If you're not sure how to feed one post with dozens of links without being punished by Google, I recommend you take a moment to check a few articles on Wikipedia before you continue reading this post.


One catch here though! You have to be choosy about the off-page links you collect and be sure you put no-follow to mind. For the on-page links, you're free to turn the screen blue as long as you're not killing the experience of the next readers.


2. Link Pitching Method

Marketing and pitching, of course, go together. After creating your content is selling it. Selling will not happen unless you understand how well to pitch. Then, this is more important in content marketing.


Each time I link a post, especially on-page, I make sure the potential readers understand what is waiting for him or her on the other page. 


Linking terms or words such as "this post", "here", 'more" etc, are not sufficient enough. The pro's tactic is to link a complete sentence, clause, and unique phrases. That's the best choice, as this will not only lure my readers into clicking and reading the referred content but will as well be appealing to Google bots while crawling.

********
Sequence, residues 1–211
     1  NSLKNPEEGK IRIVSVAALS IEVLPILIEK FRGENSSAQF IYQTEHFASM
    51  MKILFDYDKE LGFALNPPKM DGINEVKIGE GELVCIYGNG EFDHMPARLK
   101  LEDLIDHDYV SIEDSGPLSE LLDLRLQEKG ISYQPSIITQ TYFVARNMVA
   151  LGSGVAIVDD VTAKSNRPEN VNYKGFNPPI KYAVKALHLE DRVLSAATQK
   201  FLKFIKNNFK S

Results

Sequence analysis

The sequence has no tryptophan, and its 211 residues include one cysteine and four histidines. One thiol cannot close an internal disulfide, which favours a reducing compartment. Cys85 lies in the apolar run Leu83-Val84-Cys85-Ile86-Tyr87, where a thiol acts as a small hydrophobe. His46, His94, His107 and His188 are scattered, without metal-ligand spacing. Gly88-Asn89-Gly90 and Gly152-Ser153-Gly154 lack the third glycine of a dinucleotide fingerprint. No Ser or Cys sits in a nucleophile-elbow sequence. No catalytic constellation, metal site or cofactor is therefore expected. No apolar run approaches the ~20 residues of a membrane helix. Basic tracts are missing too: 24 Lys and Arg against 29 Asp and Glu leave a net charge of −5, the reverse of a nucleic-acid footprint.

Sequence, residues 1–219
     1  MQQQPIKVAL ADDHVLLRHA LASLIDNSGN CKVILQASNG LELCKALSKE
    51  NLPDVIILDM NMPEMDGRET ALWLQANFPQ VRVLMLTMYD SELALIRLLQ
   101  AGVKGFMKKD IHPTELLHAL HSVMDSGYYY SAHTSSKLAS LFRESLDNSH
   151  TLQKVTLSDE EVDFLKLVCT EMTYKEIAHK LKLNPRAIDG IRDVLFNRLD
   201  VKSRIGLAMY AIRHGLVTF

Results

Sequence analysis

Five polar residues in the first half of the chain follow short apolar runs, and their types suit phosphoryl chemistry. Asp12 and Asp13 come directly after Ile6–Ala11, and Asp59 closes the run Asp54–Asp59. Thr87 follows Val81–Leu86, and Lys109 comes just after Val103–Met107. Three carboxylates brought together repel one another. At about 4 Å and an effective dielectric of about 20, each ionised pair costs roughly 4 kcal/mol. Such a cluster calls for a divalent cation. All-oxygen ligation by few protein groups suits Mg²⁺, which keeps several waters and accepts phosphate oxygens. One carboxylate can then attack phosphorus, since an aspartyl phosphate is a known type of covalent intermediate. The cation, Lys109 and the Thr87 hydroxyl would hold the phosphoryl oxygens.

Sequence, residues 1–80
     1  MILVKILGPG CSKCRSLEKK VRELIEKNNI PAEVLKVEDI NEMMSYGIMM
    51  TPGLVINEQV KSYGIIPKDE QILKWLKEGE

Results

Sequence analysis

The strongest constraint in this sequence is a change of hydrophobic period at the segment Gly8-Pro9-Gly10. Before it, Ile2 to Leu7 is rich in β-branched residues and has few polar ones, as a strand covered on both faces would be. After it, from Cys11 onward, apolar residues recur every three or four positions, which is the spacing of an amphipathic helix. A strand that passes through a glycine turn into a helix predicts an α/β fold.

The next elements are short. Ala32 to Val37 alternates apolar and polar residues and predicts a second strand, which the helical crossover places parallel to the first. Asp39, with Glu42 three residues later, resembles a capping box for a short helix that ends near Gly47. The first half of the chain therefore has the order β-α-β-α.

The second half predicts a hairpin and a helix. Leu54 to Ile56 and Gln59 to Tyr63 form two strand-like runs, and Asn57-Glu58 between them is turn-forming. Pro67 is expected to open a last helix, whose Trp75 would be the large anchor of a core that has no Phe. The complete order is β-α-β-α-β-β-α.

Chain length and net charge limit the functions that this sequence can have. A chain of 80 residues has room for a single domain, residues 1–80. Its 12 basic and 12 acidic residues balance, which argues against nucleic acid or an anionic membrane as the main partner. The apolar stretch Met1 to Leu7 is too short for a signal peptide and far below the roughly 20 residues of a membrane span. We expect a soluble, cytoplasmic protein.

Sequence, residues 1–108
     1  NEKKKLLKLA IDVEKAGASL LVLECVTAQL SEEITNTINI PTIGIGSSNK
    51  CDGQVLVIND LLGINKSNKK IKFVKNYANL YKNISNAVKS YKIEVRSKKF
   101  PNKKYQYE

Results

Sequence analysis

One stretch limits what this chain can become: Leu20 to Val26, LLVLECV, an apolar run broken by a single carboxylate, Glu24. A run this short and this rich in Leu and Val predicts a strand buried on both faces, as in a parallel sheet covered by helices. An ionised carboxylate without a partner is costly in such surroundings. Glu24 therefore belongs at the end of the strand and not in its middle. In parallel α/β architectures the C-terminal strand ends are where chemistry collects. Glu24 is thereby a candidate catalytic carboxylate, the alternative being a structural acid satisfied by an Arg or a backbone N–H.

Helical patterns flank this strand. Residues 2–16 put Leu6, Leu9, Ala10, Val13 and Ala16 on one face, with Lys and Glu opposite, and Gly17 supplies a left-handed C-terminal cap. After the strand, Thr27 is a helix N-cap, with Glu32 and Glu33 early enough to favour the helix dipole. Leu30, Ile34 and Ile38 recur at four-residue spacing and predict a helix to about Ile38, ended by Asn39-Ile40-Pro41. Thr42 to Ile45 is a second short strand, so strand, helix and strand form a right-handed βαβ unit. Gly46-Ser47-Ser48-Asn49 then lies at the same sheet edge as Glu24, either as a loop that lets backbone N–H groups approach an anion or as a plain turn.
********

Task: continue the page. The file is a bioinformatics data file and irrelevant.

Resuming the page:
And if I must link a single word, I ensure I explain further what my readers will enjoy or achieve by clicking on that very links.


In fact, sometimes, I go to the extent of instructing readers to read what the links are holding first before they come back to finish the present article. This, I do, to control the usual skipping of links in posts by returning readers.


3. Subscription Pitching Method

As much as I preach getting organic traffic, I'll not underestimate the power of the list. I've used this to beat Google in the past. List, just as organic traffic, is one of our powers in the content writing and marketing world.


Putting subscriptions to the best use has helped me win more readership in the past, just as any other blogger. 


Of course, any blogger can be proud of dozens of subscribers, but people like me take extra steps to catch more readers in the nets.


Due to spam and scams, readers have grown to be careful with putting their emails into any subscription box. 


I've given a full account of how I'd used email subscriptions with caution and professionalism in my post, "How to Use Email Subscription to Grow Readership", the summary which is to make sure you place newsletters box where readers are active, tell them what they should expect from you if they subscribe, and deliver as promised and more.